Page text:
Iraq court overturns PM decision to scrap VP posts
The ruling is a blow to PM Abadi and would potentially return his predecessor and rival Nuri al-Maliki to a vice presidential post
Iraq’s top court on Monday overturned a decision by the prime minister to abolish the vice presidential posts as part of reform efforts, declaring it unconstitutional, the judiciary said.
The ruling is a blow to Prime Minister Haider al-Abadi and would potentially return his predecessor and rival Nuri al-Maliki to a vice presidential post, of which there were three when the premier sought to abolish them last year.
The court ruled that “the existence of one or more vice presidents of the republic is required by the constitution,” judicial spokesman Abdelsattar Bayraqdar said in a statement.
That wording leaves open the possibility that the number of vice presidents could be reduced without requiring an amendment to the constitution as long as at least one remained.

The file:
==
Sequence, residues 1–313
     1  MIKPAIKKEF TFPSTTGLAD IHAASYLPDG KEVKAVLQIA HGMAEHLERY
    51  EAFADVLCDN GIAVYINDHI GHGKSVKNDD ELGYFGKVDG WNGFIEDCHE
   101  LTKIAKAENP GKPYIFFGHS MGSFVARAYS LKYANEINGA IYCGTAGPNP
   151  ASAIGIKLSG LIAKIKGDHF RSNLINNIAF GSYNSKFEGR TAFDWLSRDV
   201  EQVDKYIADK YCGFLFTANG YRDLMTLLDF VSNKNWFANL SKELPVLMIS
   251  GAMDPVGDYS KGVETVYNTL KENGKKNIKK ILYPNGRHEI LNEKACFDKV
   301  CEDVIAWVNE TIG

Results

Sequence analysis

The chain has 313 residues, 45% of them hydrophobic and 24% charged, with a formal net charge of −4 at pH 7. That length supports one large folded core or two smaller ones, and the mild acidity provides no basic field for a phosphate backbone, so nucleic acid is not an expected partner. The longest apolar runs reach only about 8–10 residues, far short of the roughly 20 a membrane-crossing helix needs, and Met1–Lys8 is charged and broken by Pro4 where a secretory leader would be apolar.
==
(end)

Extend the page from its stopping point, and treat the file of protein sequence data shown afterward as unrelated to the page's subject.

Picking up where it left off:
Explaining the ruling, Bayraqdar referred to Article 69 of the constitution, which the court ruled stipulates the existence of the post, and Article 75, which says that the vice president will fill in if the president is absent.
Given the requirements of those two articles, doing away with the vice presidency would necessitate a constitutional amendment following procedures outlined in Article 142, which was not done, Bayraqdar said.
Abadi proposed scrapping the vice presidency in August 2015 as part of a series of measures - which the cabinet approved - aimed at assuaging popular anger over corruption and poor governance that had led to weeks of demonstrations.
Parliament then voted two days later in support of the measures proposed by Abadi, but did not amend the constitution to eliminate the vice presidency.
The court case challenging the abolition of the vice presidential posts was filed by Osama al-Nujaifi, a former parliament speaker and one of three ex-vice presidents along with Maliki and Iyad Allawi.
The vice presidential positions came with large salaries and security details but few responsibilities.
Monday’s ruling did not address the issue of who would hold now hold the posts, which could either revert to the three previous occupants or be filled by a new candidate or candidates selected by parliamentary vote.
Iraq has been hit by repeated political upheaval - including parliament’s recent removal of the defence minister - during the course of its more than two-year war against the ISIS group.
Iraqi forces are now preparing for the battle to retake Mosul, the last city to be held by the militants in the country.